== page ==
TEAGASC REPORT HIGHLIGHTS NEGATIVE IMPACT OF BAD WEATHER AND FARM SCHEME CUTS ON FARM INCOMES

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TEAGASC REPORT HIGHLIGHTS NEGATIVE IMPACT OF BAD WEATHER AND FARM SCHEME CUTS ON FARM INCOMES
14 May 2013

TEAGASC REPORT HIGHLIGHTS NEGATIVE IMPACT OF BAD WEATHER AND FARM SCHEME CUTS ON FARM INCOMES

Farm Business & Credit

Commenting on today’s publication of the Teagasc National Farm Income figures for 2012, IFA President John Bryan said that the main reasons for the drop of 15% in average farm income were the dreadful weather conditions, and the impact of continued cuts by Government to farm schemes.

“The implications of this ongoing disastrous weather event will be that farm incomes will be hit further this year. Without an immediate and prolonged improvement in the weather, many farmers will be facing an income crisis later this year.”

John Bryan said, “The overall fall of 15% in incomes last year represented a serious hit to farm viability, in a year when output prices were quite strong. Due to the dreadful weather experienced in the second half of the year, input costs soared, with a combination of increased feed costs and feed usage. This was particularly felt in the dairy sector, which experienced a drop in income of 24%”.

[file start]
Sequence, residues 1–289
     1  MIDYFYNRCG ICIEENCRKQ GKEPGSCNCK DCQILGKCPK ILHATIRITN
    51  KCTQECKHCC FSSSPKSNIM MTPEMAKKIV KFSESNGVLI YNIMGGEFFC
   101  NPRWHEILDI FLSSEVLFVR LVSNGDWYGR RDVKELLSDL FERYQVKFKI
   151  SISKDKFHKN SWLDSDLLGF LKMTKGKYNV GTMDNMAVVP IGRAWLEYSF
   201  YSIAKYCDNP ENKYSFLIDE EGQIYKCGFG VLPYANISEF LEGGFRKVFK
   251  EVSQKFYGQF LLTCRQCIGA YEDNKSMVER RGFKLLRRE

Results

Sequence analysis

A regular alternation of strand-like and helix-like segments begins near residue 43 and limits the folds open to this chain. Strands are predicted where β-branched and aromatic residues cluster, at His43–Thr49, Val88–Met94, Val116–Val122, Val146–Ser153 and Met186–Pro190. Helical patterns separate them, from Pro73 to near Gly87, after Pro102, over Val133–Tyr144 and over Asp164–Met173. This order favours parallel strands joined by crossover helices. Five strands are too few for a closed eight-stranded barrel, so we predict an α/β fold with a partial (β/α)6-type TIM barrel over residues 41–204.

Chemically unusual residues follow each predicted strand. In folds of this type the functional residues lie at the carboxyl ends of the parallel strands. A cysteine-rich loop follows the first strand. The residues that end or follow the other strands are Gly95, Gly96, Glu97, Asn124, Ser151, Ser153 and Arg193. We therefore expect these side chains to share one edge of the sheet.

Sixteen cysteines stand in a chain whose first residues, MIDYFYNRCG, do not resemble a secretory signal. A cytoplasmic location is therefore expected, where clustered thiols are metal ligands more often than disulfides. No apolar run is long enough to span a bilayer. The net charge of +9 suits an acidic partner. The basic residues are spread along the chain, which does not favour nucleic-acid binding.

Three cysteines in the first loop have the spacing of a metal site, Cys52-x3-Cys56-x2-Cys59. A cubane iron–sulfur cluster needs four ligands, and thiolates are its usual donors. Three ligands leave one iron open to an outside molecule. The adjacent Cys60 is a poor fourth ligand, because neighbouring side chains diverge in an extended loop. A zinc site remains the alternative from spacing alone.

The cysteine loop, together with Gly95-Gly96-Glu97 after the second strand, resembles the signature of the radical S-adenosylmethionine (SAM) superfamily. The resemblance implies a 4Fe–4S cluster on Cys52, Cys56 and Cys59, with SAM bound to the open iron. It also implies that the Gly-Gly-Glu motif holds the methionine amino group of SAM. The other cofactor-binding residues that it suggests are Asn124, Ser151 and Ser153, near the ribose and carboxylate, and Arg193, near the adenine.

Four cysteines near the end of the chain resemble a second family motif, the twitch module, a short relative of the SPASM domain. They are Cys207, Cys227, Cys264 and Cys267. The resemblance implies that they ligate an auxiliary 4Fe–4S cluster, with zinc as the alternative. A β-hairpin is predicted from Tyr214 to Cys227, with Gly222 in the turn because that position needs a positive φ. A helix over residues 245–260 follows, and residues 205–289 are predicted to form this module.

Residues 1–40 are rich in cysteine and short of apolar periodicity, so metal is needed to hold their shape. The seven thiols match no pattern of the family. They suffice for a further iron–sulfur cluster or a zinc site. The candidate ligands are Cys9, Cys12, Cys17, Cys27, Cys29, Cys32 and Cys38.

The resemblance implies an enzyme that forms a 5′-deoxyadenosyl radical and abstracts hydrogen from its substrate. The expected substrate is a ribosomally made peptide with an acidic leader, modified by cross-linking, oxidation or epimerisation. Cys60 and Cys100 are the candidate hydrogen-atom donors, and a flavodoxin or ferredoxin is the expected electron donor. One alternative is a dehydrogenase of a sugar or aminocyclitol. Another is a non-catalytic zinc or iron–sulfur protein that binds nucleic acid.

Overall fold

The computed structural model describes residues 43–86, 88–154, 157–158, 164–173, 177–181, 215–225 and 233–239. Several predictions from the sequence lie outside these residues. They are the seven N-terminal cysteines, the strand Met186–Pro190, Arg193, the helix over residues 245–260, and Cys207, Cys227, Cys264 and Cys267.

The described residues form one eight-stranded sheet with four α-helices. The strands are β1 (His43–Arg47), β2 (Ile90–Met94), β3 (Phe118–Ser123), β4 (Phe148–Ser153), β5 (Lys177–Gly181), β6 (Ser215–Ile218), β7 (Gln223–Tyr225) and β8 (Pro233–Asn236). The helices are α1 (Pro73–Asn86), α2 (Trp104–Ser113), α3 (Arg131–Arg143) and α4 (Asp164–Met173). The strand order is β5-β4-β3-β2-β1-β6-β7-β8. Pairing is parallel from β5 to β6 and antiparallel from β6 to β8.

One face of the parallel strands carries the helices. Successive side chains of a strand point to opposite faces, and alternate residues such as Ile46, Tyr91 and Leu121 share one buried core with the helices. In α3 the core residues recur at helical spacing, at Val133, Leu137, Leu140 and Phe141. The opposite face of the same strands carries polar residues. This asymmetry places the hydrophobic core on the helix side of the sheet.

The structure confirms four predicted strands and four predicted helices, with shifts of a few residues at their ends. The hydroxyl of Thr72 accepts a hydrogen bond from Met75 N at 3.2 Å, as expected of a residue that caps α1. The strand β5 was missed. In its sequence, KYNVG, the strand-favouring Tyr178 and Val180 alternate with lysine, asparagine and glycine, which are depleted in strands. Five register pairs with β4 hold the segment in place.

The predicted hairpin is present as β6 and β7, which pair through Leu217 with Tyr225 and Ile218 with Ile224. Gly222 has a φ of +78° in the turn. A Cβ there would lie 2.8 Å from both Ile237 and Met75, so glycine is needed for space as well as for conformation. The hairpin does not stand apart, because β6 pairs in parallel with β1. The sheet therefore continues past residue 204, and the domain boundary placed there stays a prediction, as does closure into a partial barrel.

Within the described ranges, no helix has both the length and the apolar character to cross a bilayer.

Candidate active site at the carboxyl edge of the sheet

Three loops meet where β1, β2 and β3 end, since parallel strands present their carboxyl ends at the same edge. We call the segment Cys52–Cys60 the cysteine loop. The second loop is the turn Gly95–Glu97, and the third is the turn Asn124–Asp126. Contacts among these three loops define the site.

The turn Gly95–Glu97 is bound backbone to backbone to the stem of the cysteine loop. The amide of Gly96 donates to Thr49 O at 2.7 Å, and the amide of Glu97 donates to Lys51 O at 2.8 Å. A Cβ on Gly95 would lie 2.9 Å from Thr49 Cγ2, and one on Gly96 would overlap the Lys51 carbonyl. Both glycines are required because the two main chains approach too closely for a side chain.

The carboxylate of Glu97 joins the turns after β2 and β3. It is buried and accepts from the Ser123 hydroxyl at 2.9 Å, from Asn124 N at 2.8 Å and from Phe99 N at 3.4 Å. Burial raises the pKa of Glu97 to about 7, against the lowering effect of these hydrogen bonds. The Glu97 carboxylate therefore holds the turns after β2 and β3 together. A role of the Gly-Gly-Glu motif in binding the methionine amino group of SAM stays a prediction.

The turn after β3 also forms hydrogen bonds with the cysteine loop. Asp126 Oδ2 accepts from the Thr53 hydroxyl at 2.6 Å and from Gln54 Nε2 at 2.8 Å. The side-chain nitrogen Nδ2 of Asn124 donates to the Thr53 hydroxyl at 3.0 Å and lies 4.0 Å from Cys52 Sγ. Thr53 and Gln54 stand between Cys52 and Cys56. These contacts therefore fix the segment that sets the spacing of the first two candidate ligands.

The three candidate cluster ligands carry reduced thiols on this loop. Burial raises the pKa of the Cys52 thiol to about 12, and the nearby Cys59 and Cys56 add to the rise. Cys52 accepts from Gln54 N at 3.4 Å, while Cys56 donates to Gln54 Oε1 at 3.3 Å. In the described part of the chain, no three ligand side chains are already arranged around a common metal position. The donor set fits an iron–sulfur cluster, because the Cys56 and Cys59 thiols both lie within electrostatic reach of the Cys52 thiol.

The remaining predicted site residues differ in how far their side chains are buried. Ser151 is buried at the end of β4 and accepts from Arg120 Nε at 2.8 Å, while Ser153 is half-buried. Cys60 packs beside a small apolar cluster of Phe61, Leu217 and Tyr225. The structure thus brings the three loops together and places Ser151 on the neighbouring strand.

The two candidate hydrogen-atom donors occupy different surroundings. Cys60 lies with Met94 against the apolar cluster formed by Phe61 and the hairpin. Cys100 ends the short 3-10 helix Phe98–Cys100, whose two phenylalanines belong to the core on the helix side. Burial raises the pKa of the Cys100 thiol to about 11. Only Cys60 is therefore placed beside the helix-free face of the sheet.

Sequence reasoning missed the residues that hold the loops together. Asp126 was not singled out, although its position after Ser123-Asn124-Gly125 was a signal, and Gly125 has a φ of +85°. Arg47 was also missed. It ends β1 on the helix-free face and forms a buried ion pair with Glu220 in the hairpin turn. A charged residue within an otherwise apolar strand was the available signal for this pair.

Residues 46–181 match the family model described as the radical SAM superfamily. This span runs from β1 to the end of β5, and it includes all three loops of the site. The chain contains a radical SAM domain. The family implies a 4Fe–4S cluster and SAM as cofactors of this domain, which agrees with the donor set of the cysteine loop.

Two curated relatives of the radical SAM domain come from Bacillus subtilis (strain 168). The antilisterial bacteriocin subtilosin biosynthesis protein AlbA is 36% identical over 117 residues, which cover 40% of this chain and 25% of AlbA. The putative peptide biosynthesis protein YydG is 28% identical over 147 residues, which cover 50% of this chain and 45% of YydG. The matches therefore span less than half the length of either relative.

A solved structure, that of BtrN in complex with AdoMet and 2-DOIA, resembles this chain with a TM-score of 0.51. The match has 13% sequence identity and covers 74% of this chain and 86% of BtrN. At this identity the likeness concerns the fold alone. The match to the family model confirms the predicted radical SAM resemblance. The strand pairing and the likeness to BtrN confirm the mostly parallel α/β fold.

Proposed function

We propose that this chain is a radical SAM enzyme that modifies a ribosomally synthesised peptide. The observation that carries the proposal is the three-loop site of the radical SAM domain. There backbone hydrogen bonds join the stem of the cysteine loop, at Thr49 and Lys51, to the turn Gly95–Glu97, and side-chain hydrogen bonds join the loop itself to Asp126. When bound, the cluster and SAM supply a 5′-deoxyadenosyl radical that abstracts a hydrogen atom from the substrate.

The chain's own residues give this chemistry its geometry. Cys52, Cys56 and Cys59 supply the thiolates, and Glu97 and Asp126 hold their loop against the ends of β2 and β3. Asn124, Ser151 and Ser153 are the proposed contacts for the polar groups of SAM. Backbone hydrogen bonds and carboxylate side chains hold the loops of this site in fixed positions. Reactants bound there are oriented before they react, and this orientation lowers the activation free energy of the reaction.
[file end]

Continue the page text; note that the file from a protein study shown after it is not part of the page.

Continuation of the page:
“In the cattle sector, although prices were strong in 2012, there was still a fall in income overall because of higher input costs. Another contributing factor to this was the reduction in Direct Payments.”

Mr Bryan said, “The importance of Direct Payments for farm incomes and production was recently highlighted in the IFA report on the Importance of the Cattle and Sheep sectors to the Irish Economy. The cattle and sheep sectors have been disproportionately hit by the cuts to farm schemes over recent budgets, including the closure of REPS and the reduction in Disadvantaged Areas payments. In 2013, the short-sighted closure of the Suckler Cow scheme and further reductions in REPS and Disadvantaged Areas payments will have a further negative impact on farm incomes”.

Mr Bryan concluded, “It is critical that the policy decisions taken by the Minister for Agriculture in the coming months do not do any further damage to farm incomes and viability. This means delivery of a CAP reform that underpins agricultural income and production, and the retention of funding for farm schemes in Budget 2014, along with taxation measures that support farm restructuring and investment”.

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